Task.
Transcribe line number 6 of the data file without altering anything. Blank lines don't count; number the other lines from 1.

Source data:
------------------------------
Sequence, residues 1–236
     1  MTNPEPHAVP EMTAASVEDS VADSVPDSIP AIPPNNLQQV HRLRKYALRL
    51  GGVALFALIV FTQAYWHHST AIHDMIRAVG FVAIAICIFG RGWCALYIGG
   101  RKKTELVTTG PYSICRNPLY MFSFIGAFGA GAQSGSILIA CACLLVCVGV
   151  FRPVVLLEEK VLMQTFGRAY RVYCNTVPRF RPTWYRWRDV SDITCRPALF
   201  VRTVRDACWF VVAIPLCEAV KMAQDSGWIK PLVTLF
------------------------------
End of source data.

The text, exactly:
   201  VRTVRDACWF VVAIPLCEAV KMAQDSGWIK PLVTLF